I have a serious motivation problem.  Every room in my house has a project that is half finished, or a mess of clutter which needs to find a home.    A new (antique) dresser needs to be cleaned up before I can put clothes in it.  Ditto for a new display cabinet.  An entire basement needs to be cleared out before the contractor can come and remove the asbestos.  As I've walked from room to room this week, I have felt overwhelmed, disgusted, and lazy.  Until today.

Today I realized that instead of being upset at the state of my house, I should actually be celebrating the fact that my aversion and resistance to the mess is actually helping me with my spiritual growth.  If it weren’t for the mess, I never would have discovered my shadow –my shadow self that is – that is crying out for attention.

The shadow is a repressed part of the unconscious mind. Carl Jung once said that the shadow "is the person you would rather not be."  One of the most life changing books I have ever read is “The Dark Side of the Light Chasers,” by Debbie Ford.  The book describes the shadow self in depth, helping to understand, embrace, and release that which subconsciously holds us back.  How does this relate to my house being a disaster, you might ask?  It all started with fracking.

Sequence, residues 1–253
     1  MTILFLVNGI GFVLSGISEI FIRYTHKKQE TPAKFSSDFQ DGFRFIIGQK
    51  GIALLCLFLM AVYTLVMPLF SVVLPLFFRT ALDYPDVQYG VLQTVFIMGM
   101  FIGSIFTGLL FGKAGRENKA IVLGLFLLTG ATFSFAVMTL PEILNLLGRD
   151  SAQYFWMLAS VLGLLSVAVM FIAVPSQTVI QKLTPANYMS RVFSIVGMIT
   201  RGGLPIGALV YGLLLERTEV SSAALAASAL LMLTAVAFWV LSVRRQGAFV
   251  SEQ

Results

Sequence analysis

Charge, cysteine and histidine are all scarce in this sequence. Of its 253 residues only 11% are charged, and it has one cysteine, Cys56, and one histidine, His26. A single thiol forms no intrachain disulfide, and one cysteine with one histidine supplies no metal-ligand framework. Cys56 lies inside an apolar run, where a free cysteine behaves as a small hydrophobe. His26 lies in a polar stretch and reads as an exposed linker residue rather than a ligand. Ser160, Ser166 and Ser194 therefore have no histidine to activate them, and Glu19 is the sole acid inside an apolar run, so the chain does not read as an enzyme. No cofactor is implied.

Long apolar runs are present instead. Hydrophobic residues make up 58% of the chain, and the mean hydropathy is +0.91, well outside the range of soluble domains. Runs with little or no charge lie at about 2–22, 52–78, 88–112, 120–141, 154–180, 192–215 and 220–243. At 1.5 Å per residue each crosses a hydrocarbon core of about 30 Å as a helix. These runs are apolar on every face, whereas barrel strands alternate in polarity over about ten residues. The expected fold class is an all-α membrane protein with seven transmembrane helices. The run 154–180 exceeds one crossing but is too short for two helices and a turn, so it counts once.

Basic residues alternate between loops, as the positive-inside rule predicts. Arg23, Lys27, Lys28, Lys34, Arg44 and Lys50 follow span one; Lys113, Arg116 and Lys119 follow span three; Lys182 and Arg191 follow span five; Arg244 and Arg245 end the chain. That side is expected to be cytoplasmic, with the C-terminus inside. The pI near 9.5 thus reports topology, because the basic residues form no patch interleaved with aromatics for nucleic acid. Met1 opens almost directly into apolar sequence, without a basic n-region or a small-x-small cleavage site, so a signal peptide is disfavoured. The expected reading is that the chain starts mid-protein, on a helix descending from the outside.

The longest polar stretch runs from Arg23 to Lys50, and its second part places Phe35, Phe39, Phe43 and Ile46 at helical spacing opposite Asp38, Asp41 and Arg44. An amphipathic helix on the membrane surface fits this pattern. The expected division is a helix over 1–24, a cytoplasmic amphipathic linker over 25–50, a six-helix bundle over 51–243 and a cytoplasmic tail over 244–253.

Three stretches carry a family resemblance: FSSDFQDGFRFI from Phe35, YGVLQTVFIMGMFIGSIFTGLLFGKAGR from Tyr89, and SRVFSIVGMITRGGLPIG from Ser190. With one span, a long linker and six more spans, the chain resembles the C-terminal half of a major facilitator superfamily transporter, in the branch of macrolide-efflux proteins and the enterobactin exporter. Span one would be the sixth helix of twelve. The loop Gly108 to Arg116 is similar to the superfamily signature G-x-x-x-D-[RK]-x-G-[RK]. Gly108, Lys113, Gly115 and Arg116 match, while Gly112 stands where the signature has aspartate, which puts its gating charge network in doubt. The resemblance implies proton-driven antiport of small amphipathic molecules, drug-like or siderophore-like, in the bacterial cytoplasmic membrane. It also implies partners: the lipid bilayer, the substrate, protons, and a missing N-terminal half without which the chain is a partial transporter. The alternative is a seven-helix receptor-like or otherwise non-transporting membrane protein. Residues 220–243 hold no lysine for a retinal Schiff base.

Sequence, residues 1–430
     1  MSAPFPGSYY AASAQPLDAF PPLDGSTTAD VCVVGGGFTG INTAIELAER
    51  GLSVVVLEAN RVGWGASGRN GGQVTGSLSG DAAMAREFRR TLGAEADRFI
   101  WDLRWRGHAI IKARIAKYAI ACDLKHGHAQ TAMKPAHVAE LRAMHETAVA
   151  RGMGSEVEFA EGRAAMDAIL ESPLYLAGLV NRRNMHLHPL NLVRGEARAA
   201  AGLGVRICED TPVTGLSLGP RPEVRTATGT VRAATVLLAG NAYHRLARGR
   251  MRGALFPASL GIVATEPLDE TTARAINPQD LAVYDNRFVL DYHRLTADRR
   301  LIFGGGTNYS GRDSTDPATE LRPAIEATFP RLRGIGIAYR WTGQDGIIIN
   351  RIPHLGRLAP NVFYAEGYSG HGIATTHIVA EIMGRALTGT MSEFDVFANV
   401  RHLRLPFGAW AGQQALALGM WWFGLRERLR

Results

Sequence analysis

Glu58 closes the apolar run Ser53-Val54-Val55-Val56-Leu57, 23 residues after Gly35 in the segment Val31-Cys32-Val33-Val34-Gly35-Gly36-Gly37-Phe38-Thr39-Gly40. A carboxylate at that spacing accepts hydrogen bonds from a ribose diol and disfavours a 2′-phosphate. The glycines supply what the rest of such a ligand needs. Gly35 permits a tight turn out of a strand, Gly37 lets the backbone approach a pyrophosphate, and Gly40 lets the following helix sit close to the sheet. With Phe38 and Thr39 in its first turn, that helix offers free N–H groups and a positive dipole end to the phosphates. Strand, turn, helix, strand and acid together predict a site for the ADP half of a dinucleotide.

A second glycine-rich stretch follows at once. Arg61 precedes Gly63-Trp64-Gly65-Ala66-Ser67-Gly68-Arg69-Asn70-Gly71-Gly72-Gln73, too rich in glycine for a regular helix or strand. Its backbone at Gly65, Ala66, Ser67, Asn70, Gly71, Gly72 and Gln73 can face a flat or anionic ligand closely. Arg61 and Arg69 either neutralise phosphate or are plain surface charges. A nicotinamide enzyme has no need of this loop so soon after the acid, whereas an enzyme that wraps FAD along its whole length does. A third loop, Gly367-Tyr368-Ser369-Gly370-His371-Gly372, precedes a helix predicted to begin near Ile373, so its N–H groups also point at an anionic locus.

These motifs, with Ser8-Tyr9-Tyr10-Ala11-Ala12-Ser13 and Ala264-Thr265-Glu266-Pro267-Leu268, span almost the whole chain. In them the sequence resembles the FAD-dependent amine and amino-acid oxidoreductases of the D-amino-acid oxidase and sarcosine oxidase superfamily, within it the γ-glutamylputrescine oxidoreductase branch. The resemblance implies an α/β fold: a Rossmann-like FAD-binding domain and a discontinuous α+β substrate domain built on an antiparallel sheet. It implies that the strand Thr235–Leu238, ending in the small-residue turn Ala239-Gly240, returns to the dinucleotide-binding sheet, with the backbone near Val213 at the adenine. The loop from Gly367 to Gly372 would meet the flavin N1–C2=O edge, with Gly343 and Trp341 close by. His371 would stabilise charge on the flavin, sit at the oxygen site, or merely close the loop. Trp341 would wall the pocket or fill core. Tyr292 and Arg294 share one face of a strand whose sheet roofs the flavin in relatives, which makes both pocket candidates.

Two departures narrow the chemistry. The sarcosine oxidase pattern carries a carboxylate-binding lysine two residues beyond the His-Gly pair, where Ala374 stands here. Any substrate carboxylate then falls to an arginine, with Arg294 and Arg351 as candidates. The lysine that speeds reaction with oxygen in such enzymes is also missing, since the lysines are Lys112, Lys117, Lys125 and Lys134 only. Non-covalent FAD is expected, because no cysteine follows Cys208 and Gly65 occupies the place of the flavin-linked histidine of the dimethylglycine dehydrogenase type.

I had a life coaching session today, and the discussion centered around things that are happening in my external world that are really affecting me.  One of these things is my disgust at fracking (which is another blog post altogether).  I realized that the traits I attribute to those that “frack” are greed, short sightedness, and selfishness, with selfish being the one with the most charge for me.  So we started talking about being selfish, because that which annoys us in our outer world is a mirror for what we need to work on in our inner world.
I realized that I felt selfish about not cleaning my house.  My husband had been at work all week, and I was at home.  It’s not really fair that I have filled my week with writing, reiki sessions, and appointments, when I could have been cleaning the house.  My husband never said a word to me about the mess, but I was feeling selfish because I was looking after my own needs all week, instead of taking care of our communal space.
The coaching session included some energetic work to release my attachment to being selfish.  My homework was to think of the most selfish thing I could do today, and then go and do it.  I worked on thinking about being selfish in a positive sense instead of negative.  Selfish means taking care of self, and by taking care of myself, I can take care of others as well.  I realized I was worried about appearing selfish in several other instances too, which seemed to vanish once we discovered I was resisting my shadow self.
By acknowledging my selfish shadow and working with it, I was able to change my viewpoint about the whole situation.  Now I’m actually looking forward to organizing the house, instead of dreading it.  But that will have to wait.  I’m on my way out the door to give my shadow some well deserved attention.

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